In some installations for appearance purposes, etc., the user of this device may prefer to have the security rod structure out of sight. In such a case, the eyebolt structures 20 and 60 are appropriately turned so that the device may be installed over the top of the electronic equipment as shown in phantom lines in FIGS. 1 and 3 and as indicated by reference A.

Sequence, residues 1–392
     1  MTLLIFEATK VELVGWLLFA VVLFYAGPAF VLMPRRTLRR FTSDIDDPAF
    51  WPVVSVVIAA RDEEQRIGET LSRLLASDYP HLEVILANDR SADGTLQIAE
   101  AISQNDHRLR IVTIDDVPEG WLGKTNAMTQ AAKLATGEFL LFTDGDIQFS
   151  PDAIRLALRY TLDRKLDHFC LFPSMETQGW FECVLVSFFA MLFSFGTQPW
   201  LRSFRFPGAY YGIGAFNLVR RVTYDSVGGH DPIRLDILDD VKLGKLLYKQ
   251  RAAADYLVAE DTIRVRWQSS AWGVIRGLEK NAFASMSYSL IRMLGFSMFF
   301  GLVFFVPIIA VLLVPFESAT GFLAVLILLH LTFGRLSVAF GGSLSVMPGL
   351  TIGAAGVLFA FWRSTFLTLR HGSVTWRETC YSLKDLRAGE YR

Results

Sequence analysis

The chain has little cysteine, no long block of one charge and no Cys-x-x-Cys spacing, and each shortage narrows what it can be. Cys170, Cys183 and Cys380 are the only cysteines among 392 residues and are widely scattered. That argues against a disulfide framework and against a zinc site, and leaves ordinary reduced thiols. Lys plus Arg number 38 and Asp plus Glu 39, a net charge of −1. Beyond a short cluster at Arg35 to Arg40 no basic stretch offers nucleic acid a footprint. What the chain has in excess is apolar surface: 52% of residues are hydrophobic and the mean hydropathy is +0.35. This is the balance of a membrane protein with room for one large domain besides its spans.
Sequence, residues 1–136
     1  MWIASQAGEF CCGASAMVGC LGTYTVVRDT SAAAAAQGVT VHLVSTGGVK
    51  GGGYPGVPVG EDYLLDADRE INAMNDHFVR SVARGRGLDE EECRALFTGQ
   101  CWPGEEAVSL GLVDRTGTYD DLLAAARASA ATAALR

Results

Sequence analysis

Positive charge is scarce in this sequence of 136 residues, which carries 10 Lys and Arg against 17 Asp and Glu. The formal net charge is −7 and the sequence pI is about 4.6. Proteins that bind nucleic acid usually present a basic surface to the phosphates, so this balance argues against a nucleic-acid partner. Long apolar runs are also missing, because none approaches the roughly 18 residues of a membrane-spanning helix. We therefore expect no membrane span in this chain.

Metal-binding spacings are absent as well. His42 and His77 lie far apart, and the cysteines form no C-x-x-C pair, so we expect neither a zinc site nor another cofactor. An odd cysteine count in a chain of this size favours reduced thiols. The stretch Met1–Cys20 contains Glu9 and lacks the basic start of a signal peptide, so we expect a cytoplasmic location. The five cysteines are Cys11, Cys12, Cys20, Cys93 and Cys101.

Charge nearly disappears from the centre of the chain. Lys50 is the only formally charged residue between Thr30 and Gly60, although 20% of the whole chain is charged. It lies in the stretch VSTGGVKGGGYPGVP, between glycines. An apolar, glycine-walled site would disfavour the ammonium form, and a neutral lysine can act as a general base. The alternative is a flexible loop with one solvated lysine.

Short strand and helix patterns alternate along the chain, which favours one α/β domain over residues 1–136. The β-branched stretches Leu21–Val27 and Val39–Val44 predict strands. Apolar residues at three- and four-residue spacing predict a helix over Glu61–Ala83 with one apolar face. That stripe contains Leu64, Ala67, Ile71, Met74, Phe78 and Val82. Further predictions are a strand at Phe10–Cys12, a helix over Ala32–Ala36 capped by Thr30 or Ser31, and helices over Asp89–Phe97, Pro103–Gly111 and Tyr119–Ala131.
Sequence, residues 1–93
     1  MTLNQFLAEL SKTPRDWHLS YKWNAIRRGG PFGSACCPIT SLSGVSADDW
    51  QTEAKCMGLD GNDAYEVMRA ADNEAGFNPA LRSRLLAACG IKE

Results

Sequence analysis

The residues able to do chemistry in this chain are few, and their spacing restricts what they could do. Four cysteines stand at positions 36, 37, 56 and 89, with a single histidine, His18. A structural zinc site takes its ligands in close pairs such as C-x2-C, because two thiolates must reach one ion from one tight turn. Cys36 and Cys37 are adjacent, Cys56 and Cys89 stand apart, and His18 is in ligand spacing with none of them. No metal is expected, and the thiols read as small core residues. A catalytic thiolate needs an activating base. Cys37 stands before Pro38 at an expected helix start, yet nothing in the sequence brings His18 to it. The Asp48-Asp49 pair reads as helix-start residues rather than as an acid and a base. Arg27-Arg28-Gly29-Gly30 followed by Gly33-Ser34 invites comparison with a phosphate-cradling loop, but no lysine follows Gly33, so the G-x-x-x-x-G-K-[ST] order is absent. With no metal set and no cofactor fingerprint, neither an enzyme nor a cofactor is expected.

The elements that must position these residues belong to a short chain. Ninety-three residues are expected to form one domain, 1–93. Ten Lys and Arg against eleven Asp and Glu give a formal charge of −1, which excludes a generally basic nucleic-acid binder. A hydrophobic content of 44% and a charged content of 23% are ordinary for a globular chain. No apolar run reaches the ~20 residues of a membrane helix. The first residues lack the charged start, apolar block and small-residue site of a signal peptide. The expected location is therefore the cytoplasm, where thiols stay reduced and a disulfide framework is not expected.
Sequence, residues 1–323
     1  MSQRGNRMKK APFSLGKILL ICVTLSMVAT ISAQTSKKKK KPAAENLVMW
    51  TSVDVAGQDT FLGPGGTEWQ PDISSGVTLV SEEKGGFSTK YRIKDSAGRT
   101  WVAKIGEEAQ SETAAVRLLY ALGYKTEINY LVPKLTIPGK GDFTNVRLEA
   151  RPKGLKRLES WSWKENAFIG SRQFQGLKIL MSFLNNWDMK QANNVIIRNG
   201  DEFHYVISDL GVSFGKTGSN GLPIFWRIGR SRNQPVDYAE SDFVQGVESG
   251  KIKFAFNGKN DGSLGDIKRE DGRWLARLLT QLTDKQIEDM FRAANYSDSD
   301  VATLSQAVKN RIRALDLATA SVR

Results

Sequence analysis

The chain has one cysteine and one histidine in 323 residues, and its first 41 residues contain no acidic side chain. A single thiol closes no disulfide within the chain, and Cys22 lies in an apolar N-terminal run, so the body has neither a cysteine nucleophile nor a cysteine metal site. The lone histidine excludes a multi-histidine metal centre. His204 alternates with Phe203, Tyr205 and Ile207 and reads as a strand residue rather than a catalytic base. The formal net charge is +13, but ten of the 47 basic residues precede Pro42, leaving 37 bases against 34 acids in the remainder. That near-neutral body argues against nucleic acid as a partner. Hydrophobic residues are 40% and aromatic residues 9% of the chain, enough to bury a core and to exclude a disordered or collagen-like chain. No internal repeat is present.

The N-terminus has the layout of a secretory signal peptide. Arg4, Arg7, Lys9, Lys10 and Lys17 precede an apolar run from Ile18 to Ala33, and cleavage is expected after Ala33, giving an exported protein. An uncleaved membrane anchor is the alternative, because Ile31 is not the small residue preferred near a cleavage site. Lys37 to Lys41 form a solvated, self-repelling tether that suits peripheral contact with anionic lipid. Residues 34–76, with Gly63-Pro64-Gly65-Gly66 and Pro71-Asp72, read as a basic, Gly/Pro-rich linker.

FIGS. 4-7 show another embodiment of the structure of this invention. Like parts similar to those already described for FIGS. 1-3 are indicated by similar reference numberals with a prime thereafter. As can be seen by looking at FIG. 5, the eyebolt which receives the locking structure has a larger inner diameter than that of the eyebolt 20'. The eyebolt 60' desirably is provided with approximately a 13/16th-inch inner diameter. Similarly, the eye 36' on the end of the U-shaped member 34' has a similar inner diameter. The rod portions 68 and 78 as best seen in FIG. 5, terminate in additional eyes which extend perpendicular to the main rod portions 68 and 78. These additional eyes 69 and 79 on the respective ends of the rod members are interengaged to provide the telescoping feature equivalent to that of the tubular member 28 and by member 30 of the first embodiment. As can be easily visualized, this second embodiment eliminates some of the manufacturing requirements of the first embodiment, and thereof is somewhat easier and less expensive to manufacture. Instead of using stainless steel material for this embodiment, it has been found in actual practice that hardened steel rods having chrome or nickel plating thereon are entirely suitable and provide the necessary hardness and strength for a secure locking structure. The rods normally are 1/4 inch in diameter. Similarly, 1/4-inch rods may be used to manufacture the eyebolts 20' and 60'. Also, this embodiment is shown as having the telescoping connecting portions mounted above the electronic equipment 12' which again in actual use has been found to be the preferred position.